Brianna Rainey's Blog

I haven't tried it myself yet, but this new thing called PyScript looks really cool!!

This Getting Started document tells some specific details about using it: It appears to be as easy as including some JavaScript and writing Python code inside an HTML tag!

I do firmly believe that Python being available on the web as a "frontend" language is a good thing. Actually, I support any language taking this role because it's not really logical that we're stuck using JavaScript (without any hate to JavaScript, which I've grown a fondness to).

But I'm most excited specifically about Python, because 1) it's a good scripting language for sharing scientific research, and 2) it's a great programming language for learning to code. Having something available on the web will inspire more learners to give it a try, and I think they'll be more likely to enjoy coding when they do :)

Audio Visualizer Python is now working great on Windows 11 and Ubuntu 22.04. Instead of worrying about the creation of packages, I've decided to focus solely on stability, code quality, and documentation. If the project is working, active, and stable then we will surely get pull requests to add convenient packages at some point. 😅

My next goal is adding automated tests to prevent regression of features in the next next goal, which is to improve code quality by refactoring. There are classes in the program which have too many concerns, and several methods that are way too long and procedural. This is because I wrote most of the code 5 years ago. It will be much easier for others to understand the codebase once I've completed these two goals -- but it's a long-term thing.

One section of code I'm not certain about is the Component class that every component inherits from. This class has a metaclass which decorates each method to wrap it with error-checking and automatically call super() and whatnot. This makes creating a new component pretty easy -- you just subclass and define the methods you need -- but metaclasses are quite Python-specific and this decreases maintainability of the code for others. I'm not sold on removing it entirely, however, because it does fulfill its goal of making the actual components simple and providing nice error messages to the user if something goes wrong. If I do refactor that code, it will be a future goal. It's not actually badly-written like the aforementioned huge classes, just a bit unusual.

For this program I decided to make `pytest` a dependency for users even though it is normally a development dependency. The program has a `--test` option at the commandline which runs pytest and generates a text file that users can submit with an issue on GitHub. This is currently a rough idea that isn't fully fleshed out, but it sounds good in theory. The program is very complex, so having a proper crashlog that users know how to access could be really useful, once I write more tests!

This old program I'm trying to resurrect (Audio Visualizer) crashes on Windows because I'm sending SIGINT to a pipe. Apparently Windows only implements a few signals like SIGTERM, and if I change to that signal then it works fine on Windows.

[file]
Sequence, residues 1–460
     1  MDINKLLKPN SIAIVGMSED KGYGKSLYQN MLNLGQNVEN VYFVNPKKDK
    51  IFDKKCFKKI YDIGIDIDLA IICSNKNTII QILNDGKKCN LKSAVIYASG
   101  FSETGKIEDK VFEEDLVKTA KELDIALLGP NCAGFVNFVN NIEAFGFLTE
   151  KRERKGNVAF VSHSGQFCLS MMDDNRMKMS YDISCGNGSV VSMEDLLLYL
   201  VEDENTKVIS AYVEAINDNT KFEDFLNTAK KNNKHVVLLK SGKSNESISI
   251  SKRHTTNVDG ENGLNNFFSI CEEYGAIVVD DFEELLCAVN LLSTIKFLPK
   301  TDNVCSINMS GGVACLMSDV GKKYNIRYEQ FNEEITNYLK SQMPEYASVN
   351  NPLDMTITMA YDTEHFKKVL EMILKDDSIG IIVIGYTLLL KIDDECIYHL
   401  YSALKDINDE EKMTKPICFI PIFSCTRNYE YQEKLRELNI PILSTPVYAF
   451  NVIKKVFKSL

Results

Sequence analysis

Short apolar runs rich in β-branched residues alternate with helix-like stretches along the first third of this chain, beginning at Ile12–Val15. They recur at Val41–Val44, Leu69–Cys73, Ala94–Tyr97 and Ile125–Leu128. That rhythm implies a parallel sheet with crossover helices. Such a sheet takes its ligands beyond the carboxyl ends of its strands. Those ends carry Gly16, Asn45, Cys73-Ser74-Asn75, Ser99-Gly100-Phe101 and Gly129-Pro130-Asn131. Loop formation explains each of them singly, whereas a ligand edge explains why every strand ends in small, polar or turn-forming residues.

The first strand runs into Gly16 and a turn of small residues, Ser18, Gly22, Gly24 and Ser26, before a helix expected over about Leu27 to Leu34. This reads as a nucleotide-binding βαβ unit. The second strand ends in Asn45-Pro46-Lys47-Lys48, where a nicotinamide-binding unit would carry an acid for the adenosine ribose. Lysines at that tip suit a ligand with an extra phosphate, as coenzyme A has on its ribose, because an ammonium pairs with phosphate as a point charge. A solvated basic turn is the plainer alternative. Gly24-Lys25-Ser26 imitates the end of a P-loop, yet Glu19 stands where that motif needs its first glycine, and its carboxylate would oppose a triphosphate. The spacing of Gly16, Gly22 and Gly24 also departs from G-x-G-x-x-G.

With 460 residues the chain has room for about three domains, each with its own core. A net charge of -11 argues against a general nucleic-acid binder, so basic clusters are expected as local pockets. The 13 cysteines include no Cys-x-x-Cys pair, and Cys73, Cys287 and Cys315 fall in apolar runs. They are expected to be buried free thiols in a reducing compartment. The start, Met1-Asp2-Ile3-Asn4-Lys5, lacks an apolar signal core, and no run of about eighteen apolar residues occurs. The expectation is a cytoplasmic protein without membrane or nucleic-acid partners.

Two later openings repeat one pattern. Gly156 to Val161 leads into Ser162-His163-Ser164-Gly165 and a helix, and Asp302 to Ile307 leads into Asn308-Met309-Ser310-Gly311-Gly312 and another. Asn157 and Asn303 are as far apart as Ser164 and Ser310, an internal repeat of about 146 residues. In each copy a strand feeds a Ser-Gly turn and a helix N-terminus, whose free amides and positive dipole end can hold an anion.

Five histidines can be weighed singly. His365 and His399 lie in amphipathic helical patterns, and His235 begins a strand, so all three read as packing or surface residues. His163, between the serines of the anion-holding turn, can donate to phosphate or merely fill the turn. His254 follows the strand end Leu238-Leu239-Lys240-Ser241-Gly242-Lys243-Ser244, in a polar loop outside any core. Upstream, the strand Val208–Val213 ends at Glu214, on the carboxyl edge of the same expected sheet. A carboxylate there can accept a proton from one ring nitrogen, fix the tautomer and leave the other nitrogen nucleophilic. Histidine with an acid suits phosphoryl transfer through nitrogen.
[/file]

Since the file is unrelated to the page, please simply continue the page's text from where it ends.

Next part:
SIGTERM is just politely asking the program to stop, right? I doubt this will have any negative consequences 🤔

I got burnt years ago trying to package this app for Linux, so my goal is to get it working with py2exe so at least it has *some* package even if it's not my preferred platform.

Another problem: The app crashes instantly without an exception in Windows 11 if I try to create a QImage with a linear gradient, something which doesn't happen on Ubuntu 22.04 (with the same Qt version). That's probably going to be much harder to fix, but I'm okay with the program being 99% working anyway. If I have to remove gradients then I will, but I'm trying to avoid that compromise.

Video of the program in question:

Resizeable menu scene in Muffin Game Engine! It's flickery because the buttons are being destroyed and recreated when resized, but that's only because I didn't originally write this scene to be responsive. If I separate positioning from creation in the code then it'll be smoother looking.

Rapid resizing of the window isn't a high concern anyway. The goal is mobile responsiveness if someone rotates their device occasionally. I want my next game to be fullscreen so it feels less like a box inside a website.

Since I already have "scene mounting" separate from "scene creation", doing a resize is typically as easy as un-mounting and re-mounting the stage. I just have to do all positioning inside mount instead of at creation.

The main "world scene" would probably need special behaviour in real games, but this works for simple scenes like menus, pausing, modals, etc.

TypeScript is great. It makes writing code a lot more fun. I don't have to worry about something potentially being undefined because I forgot an argument, and it encourages me to think about the relationship between different parts of the program. In just a few days I've caught at least 5 errors before runtime which I'm sure would've wasted 5 minutes each if I were using JavaScript. I have wasted *more* time writing interfaces and thinking about type relationships, but I think it'll be worth it in the long-term if I keep using this game engine.

The git repo is here now:

It's also published on npm despite being very alpha software. I wanted to learn how to publish there. I'm also tagging versions in Git; this way if I need to compile an old game someday in the future when the engine has evolved, I'll have a version number to reference.

I have a new game Pipe Puzzle using v0.0.7 of Muffin Game Engine.

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